Certainly you could carp at the show's limitations. Where was the historical grounding, the samples of '20s Futurism and monument-happy Fascism? Where was the better work by '60s iconoclast Jannis Kounnellis? But such carping would ignore the unique challenges posed by the "Metamorphosis." Curator Germano Celant had to make like Fellini, whirling a whole fractious world into a single prolonged dance. Simply to have pulled off something coherent would have deserved praise. But Celant did more: He got the alleyway into the house. His cramming left room for wit.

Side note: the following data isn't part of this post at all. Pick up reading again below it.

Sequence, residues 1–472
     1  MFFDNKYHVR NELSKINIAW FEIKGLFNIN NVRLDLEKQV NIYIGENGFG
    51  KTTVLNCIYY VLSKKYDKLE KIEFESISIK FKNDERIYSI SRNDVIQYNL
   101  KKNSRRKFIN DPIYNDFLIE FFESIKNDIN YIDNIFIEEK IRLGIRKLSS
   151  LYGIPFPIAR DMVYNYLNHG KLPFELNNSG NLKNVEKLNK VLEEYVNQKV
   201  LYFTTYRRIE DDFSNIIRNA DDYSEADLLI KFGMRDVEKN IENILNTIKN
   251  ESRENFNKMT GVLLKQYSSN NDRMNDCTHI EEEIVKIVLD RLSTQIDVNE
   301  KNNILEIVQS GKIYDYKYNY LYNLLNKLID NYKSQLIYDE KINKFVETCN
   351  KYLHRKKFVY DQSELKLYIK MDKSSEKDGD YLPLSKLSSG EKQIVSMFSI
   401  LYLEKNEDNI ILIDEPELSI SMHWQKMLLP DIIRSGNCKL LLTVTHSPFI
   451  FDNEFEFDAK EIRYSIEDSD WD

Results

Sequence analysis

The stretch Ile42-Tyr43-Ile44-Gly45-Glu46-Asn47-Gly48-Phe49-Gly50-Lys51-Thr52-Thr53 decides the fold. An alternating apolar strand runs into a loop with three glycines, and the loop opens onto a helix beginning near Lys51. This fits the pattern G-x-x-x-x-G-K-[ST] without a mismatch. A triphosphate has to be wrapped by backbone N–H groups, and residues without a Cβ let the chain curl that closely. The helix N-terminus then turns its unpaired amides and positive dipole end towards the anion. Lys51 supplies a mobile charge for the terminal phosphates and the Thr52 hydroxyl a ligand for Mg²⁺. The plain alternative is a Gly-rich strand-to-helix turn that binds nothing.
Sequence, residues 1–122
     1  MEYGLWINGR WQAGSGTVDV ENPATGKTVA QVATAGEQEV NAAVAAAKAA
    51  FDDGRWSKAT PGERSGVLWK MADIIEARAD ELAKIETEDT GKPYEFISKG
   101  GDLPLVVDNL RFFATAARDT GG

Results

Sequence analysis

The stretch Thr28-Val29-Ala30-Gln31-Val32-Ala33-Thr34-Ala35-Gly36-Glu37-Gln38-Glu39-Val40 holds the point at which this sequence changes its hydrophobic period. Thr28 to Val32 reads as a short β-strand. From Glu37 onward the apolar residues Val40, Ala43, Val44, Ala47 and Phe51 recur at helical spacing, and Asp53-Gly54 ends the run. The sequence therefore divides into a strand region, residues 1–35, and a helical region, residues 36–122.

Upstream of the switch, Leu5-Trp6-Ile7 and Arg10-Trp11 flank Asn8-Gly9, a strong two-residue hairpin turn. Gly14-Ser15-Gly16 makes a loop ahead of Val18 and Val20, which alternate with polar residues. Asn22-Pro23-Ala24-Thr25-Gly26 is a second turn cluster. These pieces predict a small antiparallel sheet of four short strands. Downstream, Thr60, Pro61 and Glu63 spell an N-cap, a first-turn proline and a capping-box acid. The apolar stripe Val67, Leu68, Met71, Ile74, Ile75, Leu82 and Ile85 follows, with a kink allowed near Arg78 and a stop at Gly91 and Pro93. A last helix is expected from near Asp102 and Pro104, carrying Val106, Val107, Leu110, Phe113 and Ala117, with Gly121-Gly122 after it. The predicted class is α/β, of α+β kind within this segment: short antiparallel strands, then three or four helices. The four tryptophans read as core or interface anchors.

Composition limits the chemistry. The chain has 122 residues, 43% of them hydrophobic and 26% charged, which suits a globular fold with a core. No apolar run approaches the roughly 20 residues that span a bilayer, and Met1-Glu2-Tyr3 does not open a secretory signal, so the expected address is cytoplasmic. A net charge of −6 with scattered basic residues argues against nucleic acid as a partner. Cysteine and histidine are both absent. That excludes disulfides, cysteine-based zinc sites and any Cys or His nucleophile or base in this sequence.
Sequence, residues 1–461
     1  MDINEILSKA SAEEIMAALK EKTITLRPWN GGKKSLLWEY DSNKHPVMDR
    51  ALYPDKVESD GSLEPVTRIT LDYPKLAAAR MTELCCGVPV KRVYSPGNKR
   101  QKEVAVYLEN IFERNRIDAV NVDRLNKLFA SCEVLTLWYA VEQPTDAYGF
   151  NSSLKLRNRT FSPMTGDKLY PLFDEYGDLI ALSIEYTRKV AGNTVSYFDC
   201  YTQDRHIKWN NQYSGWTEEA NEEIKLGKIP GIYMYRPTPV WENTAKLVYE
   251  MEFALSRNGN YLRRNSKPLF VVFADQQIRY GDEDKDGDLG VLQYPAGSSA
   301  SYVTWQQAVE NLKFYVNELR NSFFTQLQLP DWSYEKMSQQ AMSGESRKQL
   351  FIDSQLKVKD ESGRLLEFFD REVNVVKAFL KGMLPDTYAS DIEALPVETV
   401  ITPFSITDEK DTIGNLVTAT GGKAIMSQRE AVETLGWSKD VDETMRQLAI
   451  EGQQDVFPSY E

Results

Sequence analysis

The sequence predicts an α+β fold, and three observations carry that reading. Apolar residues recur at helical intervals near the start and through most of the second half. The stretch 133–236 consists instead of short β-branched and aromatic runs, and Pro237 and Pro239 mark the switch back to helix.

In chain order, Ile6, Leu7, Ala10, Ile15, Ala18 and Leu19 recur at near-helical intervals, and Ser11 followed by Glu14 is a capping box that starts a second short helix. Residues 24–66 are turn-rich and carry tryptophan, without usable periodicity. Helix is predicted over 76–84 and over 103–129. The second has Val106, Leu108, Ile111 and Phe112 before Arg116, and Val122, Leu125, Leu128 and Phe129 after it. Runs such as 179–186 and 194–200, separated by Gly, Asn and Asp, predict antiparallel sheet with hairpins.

Wit was about all Italy had left after 1943. The urge to create is always in part contrary, a renunciation of whatever's too true, and art-infected Italians at the end of the Fascist misadventure found themselves with more than most to react against. The country was bankrupt, its finest minds in exile or dead. The claim that Mussolini made the trains run on time proves, alas, elitist folklore; he poured money into the luxuries enjoyed by his generals, like first-class trains, but left the rank and file to sink into a cultural backwardness unmatched in Western Europe. After that, during the Allied drive up the peninsula, more than one eyewitness reported that the triumph of democracy often reduced local life to near barbarism. Small wonder that most of those in the first wave of talent to have an impact following the War had played some part in the leftist resistance. They reacted not only against the hollow exaggerations of the "blackshirts", however, but also against the mannered swoops and coils of Bruncusi and the Futurists, which seemed hopelessly out of touch. Instead they embraced a harsher credo: Get real. The Neo-realist movement, best known in this country via movies like Rossellini's Open City (1945) and De Sica's The Bicycle Thief ('48), seems at first glance far removed from the suave tech of something like my laptop. The Guggenheim's photography section for instance began with the grim urban scenes of Alberto Lattuada; these suggest, to a present-day visitor, the footage out of devastated Mogadishu. Over in the high arts, meanwhile, the back-to-basics impulse led to the composizioni of Alberto Burri — some of the richest pieces around the Guggenheim Rotunda — cobbled together out of materials like burlap and charred wood. Even the '46 Vespa is nothing if not down to earth: the name means "wasp" and repair requires no more than a jackknife. Then how does one get from such naked postwar homeliness to the fine Italian hand of, say, mid-'60s Ferragamo shoes? The sequence makes sense only to those who can open themselves anew to the dizzying power of its initial step.